Sunrise is worth atleast 13x cash flow given its stable growth model – which yields a valuation of $50.18 to $54.86 which is pretty close to the $58-66/share based on the previous method (book value + management services). Hence it’s a pretty good bet that intrinsic value is somewhere between $50 to $66 per share – which is a nice discount from its present $22/share price.

Margin of Safety:

You’re buying for below real book value and get the management services business for free. Conservative Balance sheet. No high leverage here and very prudent shareholder oriented management. Plus the buyback. I cannot see a downside.

Catalyst

Value is its own catalyst. As the company continues to deliver quarter after quarter the street will learn to ascribe it an appropriate valuation. I do expect it to take 1-3 years, but even at three years, you’re looking at a very healthy annualized rate of return.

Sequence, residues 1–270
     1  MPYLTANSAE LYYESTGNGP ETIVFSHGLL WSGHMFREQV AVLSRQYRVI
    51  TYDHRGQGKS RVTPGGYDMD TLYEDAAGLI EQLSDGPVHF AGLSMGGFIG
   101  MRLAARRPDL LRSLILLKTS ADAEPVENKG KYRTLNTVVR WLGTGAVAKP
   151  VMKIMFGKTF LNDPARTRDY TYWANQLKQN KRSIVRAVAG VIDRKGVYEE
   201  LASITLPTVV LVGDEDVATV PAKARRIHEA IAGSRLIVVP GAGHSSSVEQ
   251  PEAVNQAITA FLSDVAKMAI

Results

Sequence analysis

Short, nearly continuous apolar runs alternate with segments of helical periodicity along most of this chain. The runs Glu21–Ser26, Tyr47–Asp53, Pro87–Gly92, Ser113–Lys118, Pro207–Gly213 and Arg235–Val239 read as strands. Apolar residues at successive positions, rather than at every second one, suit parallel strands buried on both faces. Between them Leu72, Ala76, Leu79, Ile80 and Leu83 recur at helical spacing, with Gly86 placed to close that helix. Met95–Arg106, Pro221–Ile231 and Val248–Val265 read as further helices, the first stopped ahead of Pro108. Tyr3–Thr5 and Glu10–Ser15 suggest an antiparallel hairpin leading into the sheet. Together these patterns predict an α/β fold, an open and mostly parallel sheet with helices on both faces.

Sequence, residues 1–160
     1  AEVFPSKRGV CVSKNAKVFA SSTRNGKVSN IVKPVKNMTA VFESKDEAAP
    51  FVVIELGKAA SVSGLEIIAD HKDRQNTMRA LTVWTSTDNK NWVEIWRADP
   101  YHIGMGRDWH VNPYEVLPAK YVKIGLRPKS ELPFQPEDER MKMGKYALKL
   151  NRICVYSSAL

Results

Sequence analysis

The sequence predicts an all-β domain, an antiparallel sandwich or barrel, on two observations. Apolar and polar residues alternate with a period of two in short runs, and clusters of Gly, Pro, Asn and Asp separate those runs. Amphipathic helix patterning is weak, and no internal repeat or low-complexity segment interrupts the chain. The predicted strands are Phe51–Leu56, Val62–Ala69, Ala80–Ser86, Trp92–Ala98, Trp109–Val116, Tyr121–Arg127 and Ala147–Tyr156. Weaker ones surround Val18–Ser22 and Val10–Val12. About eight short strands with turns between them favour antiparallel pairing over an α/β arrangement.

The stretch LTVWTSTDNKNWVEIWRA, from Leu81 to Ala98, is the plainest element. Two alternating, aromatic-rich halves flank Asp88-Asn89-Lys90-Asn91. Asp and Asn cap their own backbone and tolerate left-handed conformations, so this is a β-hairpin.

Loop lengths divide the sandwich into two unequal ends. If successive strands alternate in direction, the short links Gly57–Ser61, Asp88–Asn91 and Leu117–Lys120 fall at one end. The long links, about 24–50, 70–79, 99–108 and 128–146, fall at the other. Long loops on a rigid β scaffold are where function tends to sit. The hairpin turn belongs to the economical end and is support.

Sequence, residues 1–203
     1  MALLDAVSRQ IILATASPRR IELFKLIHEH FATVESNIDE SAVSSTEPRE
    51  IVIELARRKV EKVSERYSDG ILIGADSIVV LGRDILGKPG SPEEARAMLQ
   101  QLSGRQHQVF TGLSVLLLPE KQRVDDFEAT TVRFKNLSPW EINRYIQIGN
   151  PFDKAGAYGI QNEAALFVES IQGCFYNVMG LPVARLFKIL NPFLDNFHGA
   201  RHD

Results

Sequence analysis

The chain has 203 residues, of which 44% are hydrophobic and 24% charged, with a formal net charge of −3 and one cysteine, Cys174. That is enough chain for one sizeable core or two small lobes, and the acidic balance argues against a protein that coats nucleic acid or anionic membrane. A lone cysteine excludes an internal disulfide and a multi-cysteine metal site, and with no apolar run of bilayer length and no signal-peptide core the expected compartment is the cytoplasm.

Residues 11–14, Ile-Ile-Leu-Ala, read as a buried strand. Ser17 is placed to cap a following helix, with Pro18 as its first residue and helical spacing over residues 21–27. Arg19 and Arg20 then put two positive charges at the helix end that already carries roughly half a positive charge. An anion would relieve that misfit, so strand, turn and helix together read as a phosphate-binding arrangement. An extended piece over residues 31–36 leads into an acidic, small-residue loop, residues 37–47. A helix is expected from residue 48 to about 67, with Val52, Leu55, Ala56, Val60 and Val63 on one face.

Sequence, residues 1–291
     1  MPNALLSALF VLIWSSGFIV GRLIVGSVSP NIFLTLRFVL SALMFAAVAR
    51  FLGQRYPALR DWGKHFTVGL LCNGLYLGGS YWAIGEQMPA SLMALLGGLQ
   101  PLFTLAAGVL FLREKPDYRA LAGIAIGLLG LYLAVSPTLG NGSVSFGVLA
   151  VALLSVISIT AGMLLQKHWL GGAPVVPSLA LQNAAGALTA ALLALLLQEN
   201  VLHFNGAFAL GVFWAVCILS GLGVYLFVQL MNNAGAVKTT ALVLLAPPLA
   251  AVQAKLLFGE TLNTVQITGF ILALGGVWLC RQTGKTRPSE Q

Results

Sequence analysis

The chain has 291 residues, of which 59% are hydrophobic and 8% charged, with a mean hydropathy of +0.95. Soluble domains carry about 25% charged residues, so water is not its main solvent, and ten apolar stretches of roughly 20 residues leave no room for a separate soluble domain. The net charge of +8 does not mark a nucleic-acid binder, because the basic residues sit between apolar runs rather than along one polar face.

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    Description

    Sunrise Assisted Living (SRZ) is a classic case of the baby being thrown out with the bath water. Over the last few years many assisted living companies have either gone out business or are on life-support with over-extended balance sheets and dismal prospects of attracting capital. Not surprisingly, the best player in the industry with exceptional management, a strong balance sheet and ever-increasing net income and cash flow has seen its share price languish well below liquidation value. The company is trading at well under 50% of its intrinsic value and can easily be a double within the next 1-2 years.

    An Introduction to Sunrise

    Paul and (his wife) Terry Klaassen started Sunrise over 20 years ago. They were the pioneers of the industry. At the time, there was no concept of senior assisted living. Paul is still very much engaged as CEO and is deeply in love with the business. Their focus on being the best and doing the very best for their residents clearly shows. They now have over 200 communities all over the US with a rapidly expanding network in Canada, UK and Germany. They have over 70 properties currently in development.

    Some salient facts: